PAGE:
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July 8.

General Banks, at Baltimore, acting under the direction of authorities at Washington, this morning seized the steamers Mary Washington and George W. Weems, both owned and commanded by the Weems Brothers. These steamers have been running for a number of years between Baltimore and the ports of the Patuxent River, and it is said carried down a number of passengers who joined the Confederate army. The seizure was to prevent their being taken in a similar manner to the St. Nicholas and run into Fredericksburg as prizes.--Baltimore American, July 9.

To-day orders were received at the Headquarters of the army, in New York, to send on to the seat of war at once the company of the First Artillery, part of the Fort Sumter garrison, which remained at Fort Hamilton. Instructions were immediately sent down to the brave fellows, who were under arms for the road in a few moments. The old ensign of Sumter went along with them, as they believe “there would be no luck in the company without it.” --N. Y. World, July 11.

This day whilst Col. Porter, of the U. S. Army, with a small party of men, was reconnoitring near the lines of the secession army in Virginia, he was approached by a detachment of the Confederate forces, in command of Capt. Taylor, of Kentucky, bearing a flag of truce. Col. Porter, on bringing the detachment to a halt, was informed that Capt. Taylor was the bearer of a sealed letter from Gen. Davis to President Lincoln, which statement was verified by an endorsement to that effect on the back of the letter, written and signed by Gen. Beauregard at Manassas Junction, and requesting that safe conduct might be given to Capt. Taylor.

Col. Porter accordingly sent Capt. Taylor, accompanied by an officer and an orderly, to the Headquarters of Gen. McDowell, at Arlington, where they arrived at seven o'clock in the evening, and were detained there until the visit of Capt. Taylor was made known to Lieut.-General Scott, upon whose order he was conducted to the General's Headquarters in Washington, where Gen. Scott received the letter of Gen. Davis, and sent it to the President, the bearer of the letter being in the mean time detained at Headquarters.

The President, having read the letter, informed Gen. Scott that he might send the messenger back, and Capt. Taylor immediately took his departure for Arlington, and thence proceeded on his way back to Richmond.

No answer to the letter was given by the President, and it is conjectured that the mission was merely a ruse to get a view of the main works of defence, and ascertain the means at the command of the Government for a forward movement. Certain it is the messenger was not enabled to carry back with him any very encouraging tidings. One object may have been to occupy the attention of our authorities and delay matters for a few days, so as to allow time for aid from Manassas to Johnston at Winchester.--(Doc. 73.)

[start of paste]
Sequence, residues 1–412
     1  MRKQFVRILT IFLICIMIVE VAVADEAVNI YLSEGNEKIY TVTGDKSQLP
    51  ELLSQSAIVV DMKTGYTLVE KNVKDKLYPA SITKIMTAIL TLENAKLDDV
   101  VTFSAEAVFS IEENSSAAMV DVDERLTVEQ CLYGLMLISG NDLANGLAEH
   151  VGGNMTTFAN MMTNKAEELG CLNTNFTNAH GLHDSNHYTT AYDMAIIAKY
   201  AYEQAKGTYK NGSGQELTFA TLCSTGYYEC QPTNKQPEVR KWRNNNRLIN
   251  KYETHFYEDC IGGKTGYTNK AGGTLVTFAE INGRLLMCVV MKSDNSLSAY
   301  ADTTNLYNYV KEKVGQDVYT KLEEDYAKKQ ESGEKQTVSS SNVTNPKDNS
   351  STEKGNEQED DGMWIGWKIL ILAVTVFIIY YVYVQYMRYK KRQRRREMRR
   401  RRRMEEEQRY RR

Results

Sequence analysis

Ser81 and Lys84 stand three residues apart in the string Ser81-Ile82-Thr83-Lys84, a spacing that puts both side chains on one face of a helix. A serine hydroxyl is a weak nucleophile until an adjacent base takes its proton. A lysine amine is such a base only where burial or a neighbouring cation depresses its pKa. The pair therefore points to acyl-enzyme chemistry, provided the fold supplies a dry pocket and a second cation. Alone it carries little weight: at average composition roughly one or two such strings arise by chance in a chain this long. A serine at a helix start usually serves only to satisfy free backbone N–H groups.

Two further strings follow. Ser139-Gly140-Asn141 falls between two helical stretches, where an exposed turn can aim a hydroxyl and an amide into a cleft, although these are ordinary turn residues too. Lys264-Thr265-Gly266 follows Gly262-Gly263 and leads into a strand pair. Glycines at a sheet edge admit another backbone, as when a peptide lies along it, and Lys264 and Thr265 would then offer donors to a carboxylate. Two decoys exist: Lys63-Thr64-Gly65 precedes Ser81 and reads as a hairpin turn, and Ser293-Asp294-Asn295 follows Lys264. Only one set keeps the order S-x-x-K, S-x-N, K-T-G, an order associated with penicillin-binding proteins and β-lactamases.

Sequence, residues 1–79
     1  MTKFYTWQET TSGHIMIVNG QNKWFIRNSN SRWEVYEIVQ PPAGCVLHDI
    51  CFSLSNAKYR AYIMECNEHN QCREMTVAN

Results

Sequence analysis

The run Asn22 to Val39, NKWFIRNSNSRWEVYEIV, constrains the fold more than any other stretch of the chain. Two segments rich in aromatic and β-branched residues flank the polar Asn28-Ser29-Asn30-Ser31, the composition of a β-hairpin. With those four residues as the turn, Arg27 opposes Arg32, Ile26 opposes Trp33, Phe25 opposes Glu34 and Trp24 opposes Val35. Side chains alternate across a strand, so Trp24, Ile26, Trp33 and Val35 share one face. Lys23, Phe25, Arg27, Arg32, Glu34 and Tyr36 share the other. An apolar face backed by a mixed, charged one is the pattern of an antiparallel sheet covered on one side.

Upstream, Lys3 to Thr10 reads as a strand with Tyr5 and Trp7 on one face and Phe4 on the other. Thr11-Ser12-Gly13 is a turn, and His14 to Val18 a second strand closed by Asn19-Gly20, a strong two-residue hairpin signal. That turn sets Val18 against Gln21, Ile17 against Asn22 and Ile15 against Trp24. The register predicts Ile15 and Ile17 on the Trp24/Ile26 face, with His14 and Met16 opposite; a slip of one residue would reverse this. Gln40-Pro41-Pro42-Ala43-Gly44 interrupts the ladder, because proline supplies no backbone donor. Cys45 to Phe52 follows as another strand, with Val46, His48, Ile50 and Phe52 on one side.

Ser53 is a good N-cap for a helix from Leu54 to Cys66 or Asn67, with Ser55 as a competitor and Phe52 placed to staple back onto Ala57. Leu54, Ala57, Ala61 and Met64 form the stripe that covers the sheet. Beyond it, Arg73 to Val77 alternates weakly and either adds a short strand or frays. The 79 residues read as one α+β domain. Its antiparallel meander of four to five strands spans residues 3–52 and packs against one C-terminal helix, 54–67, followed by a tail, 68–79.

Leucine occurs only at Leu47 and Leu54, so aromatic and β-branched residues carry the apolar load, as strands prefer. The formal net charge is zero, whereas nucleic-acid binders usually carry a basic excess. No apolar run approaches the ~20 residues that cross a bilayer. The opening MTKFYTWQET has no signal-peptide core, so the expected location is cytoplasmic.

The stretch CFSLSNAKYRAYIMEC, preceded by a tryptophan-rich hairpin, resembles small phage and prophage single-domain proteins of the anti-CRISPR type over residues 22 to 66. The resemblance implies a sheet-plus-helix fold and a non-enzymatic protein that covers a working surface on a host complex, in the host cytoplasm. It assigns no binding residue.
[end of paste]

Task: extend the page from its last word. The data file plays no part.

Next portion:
[23] The following official order appeared today:

Henceforward the telegraph will convey no despatches concerning the operations of the Army not permitted by the Commanding General.

Department of War, July 8, 1861.
The above order is confirmed.

Simon Cameron, Secretary of War.

The Second Regiment of Massachusetts Volunteers, Col. George H. Gordon, left Boston for the seat of war at Martinsburg. The regiment consists of one thousand and fifty men. They wear the regulation black felt hat, turned up at the side. Their coats are made of serviceable blue cloth and their pants of blue flannel. Since the men first went into camp at West Roxbury, they have been put through the most rigid discipline, and are therefore now prepared to meet the enemy under any circumstances. The camp equipage of the regiment, consisting of twenty-five wagons and one hundred horses, left in advance of the troops during the afternoon. Each company is supplied with three thousand ball cartridges and seven days rations. The officers seem to have been well chosen. Among those in command of companies are sons of the late Rufus Choate, Thomas G. Cary, and the lion. Josiah Quincy, Jr. The staff are all well mounted.

Capt. Thomas, or the “French lady” who a short time previously captured the steamer St. Nicholas on the Patuxent River, was himself captured by the Baltimore police.--(Doc. 74.)

The De Kalb Regiment N. Y. S. V., under the command of Colonel Leopold von Gilsa, left New York for the scat of war.--N. Y. Evening Post, July 8.

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